Being Boring

Writers - Tennant/Lowe
First released - 1990
Original album - Behaviour
Producer - Harold Faltermeyer, Pet Shop Boys
Subsequent albums - Discography, PopArt, Pandemonium, Ultimate
Other releases - single (UK #20, US Dance Sales #10, US Dance #19); ; live bonus track with single "You Only Tell Me You Love Me When You're Drunk"

With this one song, the Pet Shop Boys gave voice to an entire generation of gay men who to that point and afterward had managed to survive the AIDS epidemic.

It's inspired by a quote by Zelda Fitzgerald, the wife of American author F. Scott Fitzgerald ("… someone's wife, a famous writer in the 1920s…"): "… she refused to be bored chiefly because she wasn't boring. She was conscious that the things she did were the things she had always wanted to do." The fact that Neil found this quote so inspiring is very revealing. He uses it as the springboard for a heartfelt rumination on the path his life has taken, rendered bittersweet by his success and fame amidst the personal and social devastation wrought by AIDS. Neil has stated that this song was inspired, in particular, by the AIDS-related death of his longtime friend Chris Dowell, whose funeral had also inspired "Your Funny Uncle."

The Pet Shop Boys have cited this melancholy but gorgeous, deeply moving track as one of their finest achievements and personal favorites. It has proven a perennial fan-favorite as well. Not only are the melody and arrangement beautiful, but Neil writes one of his most moving lyrics, including the marvelous line, "I never dreamt that I would get to be the creature that I always meant to be." (Note again the Zelda Fitzgerald influence.) In a slightly truncated version, this song served as the second single released from the album. Its accompanying video, shot by Bruce Weber, was notorious for its brief glimpses of male rear nudity. But now, like the song itself, it's recognized by many as a true classic of the genre.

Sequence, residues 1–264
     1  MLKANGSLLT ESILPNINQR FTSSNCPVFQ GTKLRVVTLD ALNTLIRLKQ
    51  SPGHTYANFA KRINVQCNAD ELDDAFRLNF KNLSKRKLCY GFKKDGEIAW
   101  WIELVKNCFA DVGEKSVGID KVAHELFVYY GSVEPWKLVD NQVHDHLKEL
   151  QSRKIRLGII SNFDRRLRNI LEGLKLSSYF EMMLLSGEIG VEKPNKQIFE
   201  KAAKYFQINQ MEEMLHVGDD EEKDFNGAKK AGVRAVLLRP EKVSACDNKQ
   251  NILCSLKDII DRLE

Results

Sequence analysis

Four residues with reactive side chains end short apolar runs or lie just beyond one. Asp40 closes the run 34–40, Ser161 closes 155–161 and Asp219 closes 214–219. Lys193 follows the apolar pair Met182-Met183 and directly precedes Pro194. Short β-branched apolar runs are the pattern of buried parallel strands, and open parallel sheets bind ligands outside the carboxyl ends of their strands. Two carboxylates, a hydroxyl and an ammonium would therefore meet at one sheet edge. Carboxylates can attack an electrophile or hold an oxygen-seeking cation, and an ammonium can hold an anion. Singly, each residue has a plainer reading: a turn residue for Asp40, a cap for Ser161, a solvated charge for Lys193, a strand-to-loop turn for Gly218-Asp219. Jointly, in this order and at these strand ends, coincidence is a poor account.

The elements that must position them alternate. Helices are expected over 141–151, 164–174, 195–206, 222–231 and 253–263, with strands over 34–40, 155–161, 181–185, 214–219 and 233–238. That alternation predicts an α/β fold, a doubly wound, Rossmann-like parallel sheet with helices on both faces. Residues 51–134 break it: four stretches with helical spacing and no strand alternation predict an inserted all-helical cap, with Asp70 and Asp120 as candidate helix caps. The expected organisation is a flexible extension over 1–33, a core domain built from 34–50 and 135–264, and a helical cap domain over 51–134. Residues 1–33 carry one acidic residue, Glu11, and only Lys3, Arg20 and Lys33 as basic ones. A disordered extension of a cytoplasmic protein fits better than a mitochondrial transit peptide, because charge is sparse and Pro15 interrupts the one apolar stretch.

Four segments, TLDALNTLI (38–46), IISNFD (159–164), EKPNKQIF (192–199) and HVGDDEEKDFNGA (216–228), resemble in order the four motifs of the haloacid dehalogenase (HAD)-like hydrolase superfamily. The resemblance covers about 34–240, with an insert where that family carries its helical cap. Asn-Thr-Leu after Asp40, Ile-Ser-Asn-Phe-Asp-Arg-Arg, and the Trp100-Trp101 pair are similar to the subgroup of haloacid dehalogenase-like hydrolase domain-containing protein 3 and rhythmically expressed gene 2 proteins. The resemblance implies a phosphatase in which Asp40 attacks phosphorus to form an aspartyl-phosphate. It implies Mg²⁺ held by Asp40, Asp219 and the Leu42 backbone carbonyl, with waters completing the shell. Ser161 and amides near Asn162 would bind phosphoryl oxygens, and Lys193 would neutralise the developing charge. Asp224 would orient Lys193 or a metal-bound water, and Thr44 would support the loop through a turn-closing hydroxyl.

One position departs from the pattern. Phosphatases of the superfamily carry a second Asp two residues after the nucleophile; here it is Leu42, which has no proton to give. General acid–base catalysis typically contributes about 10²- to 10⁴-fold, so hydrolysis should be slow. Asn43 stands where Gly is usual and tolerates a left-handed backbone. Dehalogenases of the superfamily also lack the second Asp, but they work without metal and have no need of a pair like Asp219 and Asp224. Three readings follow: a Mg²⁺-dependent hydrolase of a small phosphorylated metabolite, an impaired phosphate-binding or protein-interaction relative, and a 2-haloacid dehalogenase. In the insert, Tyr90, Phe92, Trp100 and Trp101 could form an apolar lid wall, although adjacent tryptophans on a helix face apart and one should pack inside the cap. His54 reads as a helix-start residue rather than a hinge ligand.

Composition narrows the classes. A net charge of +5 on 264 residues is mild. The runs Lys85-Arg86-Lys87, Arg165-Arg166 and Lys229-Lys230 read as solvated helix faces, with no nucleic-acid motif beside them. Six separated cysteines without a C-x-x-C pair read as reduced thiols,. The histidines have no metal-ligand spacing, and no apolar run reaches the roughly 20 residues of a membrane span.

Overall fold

In a somewhat (dare I say it?) ironic twist, this song—which to many fans marks the beginning of the Boys' more "mature" phase—owes a major musical debt to those "poppiest" of U.K. music producers of the 1980s, Stock Aitken Waterman. As Neil revealed in a 1996 interview with BBC Radio 1:

We were always fascinated about the way Stock Aitken Waterman would change key for choruses. And so the verse of "Being Boring" was in A minor or D minor, maybe, after we went up a semi-tone into A-flat for the chorus—which we would never have done before. It wasn't an attempt to be mature. It was actually an attempt to be like Stock Aitken Waterman.

In short, the song's musical innovation and maturity emerged at least in part from a source that few would consider likely candidates for such influences. Such are the strange workings of creativity.

Some fans have expressed concern or confusion that Neil would refer to himself as a "creature" in the last verse: "I never dreamt that I would get to be the creature that I always meant to be." Why, they wonder, would Neil use such a deprecating term to describe himself? But this only seems deprecating because we've grown up in a modern popular culture in which the word "creature" is most commonly used to refer to monsters in horror movies (such as The Creature from the Black Lagoon). Neil, however, is using "creature" in a more traditional sense: as any product of creation, particularly a living being. "Creature" and "creation" are, after all, etymologically linked, derived from the same Latin root. We are all "creatures" in this sense. Further, the context strongly suggests the element of self-creation; that is, Neil is in many ways the product of his own conscious decisions—as, to varying degrees, we all are. In essence, Neil has become the person that he had always wanted and strived to become. He is his own creature. The fact that he expresses some surprise at his success at having done so adds both poignancy and a gratifying touch of humility.

It should be noted that the lyrics, with that final verse placing it squarely in the 1990s, seriously risked dating the song beyond redemption. But Neil has adapted it for live performances in subsequent decades and the new century, often revising the line "Some are missing in the 1990s" to "Some were missing…." It's simply too great a song to let a little thing like time render it irrelevant.

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